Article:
Langerhans Lay Claim to HLA-DQ2
Two pairs of MHC class II genes are present in the HLA-DQ locus, the classical HLA-DQA1/HLA-DQB1 and the relatively nonpolymorphic HLA-DQA2/HLA-DQB2. Although the latter genes are evolutionarily conserved, expression of HLA-DQB2 has not been observed, and its potential biological role is therefore unclear. While comparing transcriptomes of dendritic cell (DC) subsets to investigate the immune function of Langerhans cells (LCs), Lenormand et al. (p. 3903) observed the expression of both HLA-DQA2 and HLA-DQB2 in LCs at both the mRNA and protein levels. Intriguingly, these genes were not expressed in myeloid DCs, plasmacytoid DCs, or CD1c+ blood DCs. HLA-DQα2 and HLA-DQβ2 chains formed heterodimers which, upon association with invariant chain, trafficked from the endoplasmic reticulum (ER) to endosomal compartments. These heterodimers also associated with HLA-DM and could be found on the cell surface, where they were able to mediate the presentation of superantigens to T cells. Mixed heterodimers consisting of HLA-DQα2 and -DQβ1 could also form and exit the ER, whereas mixed HLA-DQα1/DQβ2 heterodimers could form but could not efficiently egress from the ER. This study identifies HLA-DQα2/β2 heterodimers as LC-specific MHC class II molecules that may have specialized roles in LC activity.
Lipid Lesson in the Lung
Lysophosphatidic acid (LPA) is a lipid that can affect various cellular processes, including activation and migration, upon extracellular engagement of LPA receptors. Several studies have indicated that LPA can inhibit inflammatory responses, and Emo et al. (p. 3784) now show that the LPA receptor Lpa2 negatively regulates dendritic cell (DC) activation and attenuates allergic airway inflammation. Lpa2 is a member of the Edg family of G protein-coupled receptors and is constitutively expressed on the surface of murine bone marrow-derived DCs. Compared with wild-type (WT) DCs, lpa2–/– DCs showed a hyperactive phenotype in both their ability to stimulate T cells and to secrete the proallergic cytokine IL-13. Transient expression of lpa2 significantly reduced NF-κB activation upon LPS stimulation. WT mice that were given allergen-pulsed DCs from lpa2–/– mice developed significantly greater allergic airway inflammation upon aerosol Ag challenge compared with mice given allergen-pulsed WT DCs. In addition, lpa2–/– mice also developed significantly worse airway inflammation relative to WT mice in different models of allergic asthma. Together these results support a role for LPA signaling through lpa2 as a mechanism to modulate excessive DC responses and airway inflammation.
Making Memory-Like T Cells
A subset of CD8 single positive (CD8SP) thymocytes, which has a similar phenotype to conventional CD8+ memory T cells, has been characterized as memory-like CD8SP thymocytes. Development of these memory-like thymocytes requires expression of the promyelocytic leukemia zinc finger (PLZF) transcription factor, and Sharma et al. (p. 3859) examined the mechanism involved in the generation of these cells. The authors confirmed previous observations by showing that expression of β-catenin from the Lck promoter drives expansion of PLZF-expressing CD4+αβ+ thymocytes that produce IL-4. The proliferation and production of IL-4 by these cells promoted expansion of eomesodermin (Eomes)-expressing CD8SP thymocytes. In contrast, T cell factor (TCF)-1–deficient mice had significantly fewer PLZF-expressing thymocytes and Eomes-expressing CD8SP thymocytes. In addition to TCF-1 and β-catenin, expression of IL-4 and IL-4R were also required for the generation of memory-like CD8SP thymocytes. These memory-like thymocytes were able to migrate to the periphery and produce IFN-γ upon stimulation, suggesting that they were functional. Together these data indicate that IL-4 production by PLZF+ thymocytes directs generation of memory-like CD8SP thymocytes by inducing expression of molecules that are critical to the development of their memory-like phenotype.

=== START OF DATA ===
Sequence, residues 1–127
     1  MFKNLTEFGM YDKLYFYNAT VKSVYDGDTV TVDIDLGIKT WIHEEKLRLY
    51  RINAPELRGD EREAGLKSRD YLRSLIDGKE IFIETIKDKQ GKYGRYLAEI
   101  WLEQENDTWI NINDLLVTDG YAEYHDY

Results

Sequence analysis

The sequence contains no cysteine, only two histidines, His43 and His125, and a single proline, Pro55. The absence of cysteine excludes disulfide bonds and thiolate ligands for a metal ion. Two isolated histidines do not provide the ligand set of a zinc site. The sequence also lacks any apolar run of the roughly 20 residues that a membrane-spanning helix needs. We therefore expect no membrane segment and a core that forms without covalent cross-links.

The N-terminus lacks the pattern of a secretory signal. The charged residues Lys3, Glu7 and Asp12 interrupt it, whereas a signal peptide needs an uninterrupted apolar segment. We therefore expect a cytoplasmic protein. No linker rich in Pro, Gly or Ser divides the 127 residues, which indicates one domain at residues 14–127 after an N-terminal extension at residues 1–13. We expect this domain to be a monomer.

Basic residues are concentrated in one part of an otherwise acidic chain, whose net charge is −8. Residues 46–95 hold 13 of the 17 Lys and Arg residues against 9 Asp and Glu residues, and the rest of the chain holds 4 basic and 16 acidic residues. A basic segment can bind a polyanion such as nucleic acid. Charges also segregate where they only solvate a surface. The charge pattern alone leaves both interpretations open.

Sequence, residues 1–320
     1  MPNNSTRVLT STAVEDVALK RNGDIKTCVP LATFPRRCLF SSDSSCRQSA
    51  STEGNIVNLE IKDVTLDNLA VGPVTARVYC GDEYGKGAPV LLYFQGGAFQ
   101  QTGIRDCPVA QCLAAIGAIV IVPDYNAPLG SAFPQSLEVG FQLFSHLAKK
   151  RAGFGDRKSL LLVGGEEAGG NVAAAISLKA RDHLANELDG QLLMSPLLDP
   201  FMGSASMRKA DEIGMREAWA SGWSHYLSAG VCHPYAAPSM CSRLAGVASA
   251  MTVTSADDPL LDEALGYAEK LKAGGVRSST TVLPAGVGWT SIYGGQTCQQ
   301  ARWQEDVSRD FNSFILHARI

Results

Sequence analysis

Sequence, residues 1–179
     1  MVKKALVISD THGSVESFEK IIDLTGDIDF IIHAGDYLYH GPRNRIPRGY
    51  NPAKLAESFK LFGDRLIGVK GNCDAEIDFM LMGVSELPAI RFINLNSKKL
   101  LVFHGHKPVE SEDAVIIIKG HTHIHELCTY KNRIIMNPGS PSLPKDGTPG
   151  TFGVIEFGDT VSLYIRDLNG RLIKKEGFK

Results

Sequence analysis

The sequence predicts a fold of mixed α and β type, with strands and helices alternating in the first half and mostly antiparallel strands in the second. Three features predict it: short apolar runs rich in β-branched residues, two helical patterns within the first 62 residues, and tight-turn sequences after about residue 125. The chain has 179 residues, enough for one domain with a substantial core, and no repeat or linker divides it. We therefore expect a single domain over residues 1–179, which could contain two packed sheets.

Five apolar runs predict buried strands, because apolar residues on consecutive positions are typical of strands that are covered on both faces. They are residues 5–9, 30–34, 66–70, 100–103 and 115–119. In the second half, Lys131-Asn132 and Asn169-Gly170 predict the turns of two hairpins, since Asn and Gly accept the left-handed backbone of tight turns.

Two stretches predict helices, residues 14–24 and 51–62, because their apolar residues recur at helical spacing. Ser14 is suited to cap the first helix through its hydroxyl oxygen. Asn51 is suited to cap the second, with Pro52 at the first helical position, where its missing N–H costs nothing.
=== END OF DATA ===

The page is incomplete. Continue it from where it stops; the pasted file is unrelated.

Antigenic Size Matters
For their activation and clonal selection, B cells must interact with Ags on follicular dendritic cells (FDCs). Various pathways have been proposed to account for the transport of Ag to the follicles; however, it remains unclear how Ag is presented to B cells during a primary response. Link et al. (p. 3724) expressed the coat protein of the bacteriophage Qβ as either a small dimeric protein or a large virus-like particle (VLP) to address the influence of antigenic size and structure on transport to the follicles in the absence of prior immunity. In naive mice, Qβ-VLPs were rapidly and efficiently transported to FDCs, where they accumulated over time. In contrast, Qβ-dimers were not deposited on FDCs unless specific anti-Qβ Abs were present to allow the formation of immune complexes. In agreement with these observations, Qβ-VLPs but not Qβ-dimers induced strong germinal center responses and the expansion of high numbers of Qβ-specific Ab-secreting cells. Transport of Qβ-VLPs involved their binding to noncognate B cells through a complement-dependent process that specifically required complement receptor expression on B cells. Natural IgM Abs were also important for the transport of Qβ-VLPs to B cell follicles. Immunization with anti-Qβ IgG Abs led to the efficient transport of Qβ-dimers to FDCs but completely abrogated the interaction of Qβ-VLPs with FDCs. These data reveal a major influence of Ag size and structure on the initiation of a primary B cell response.